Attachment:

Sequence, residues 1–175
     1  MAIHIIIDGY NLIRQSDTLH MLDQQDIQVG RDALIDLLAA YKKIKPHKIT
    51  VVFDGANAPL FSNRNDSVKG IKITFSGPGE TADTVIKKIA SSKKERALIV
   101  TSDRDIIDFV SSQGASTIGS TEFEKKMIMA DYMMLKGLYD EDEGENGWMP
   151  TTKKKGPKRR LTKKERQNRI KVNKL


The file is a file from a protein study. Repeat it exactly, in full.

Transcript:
Sequence, residues 1–175
     1  MAIHIIIDGY NLIRQSDTLH MLDQQDIQVG RDALIDLLAA YKKIKPHKIT
    51  VVFDGANAPL FSNRNDSVKG IKITFSGPGE TADTVIKKIA SSKKERALIV
   101  TSDRDIIDFV SSQGASTIGS TEFEKKMIMA DYMMLKGLYD EDEGENGWMP
   151  TTKKKGPKRR LTKKERQNRI KVNKL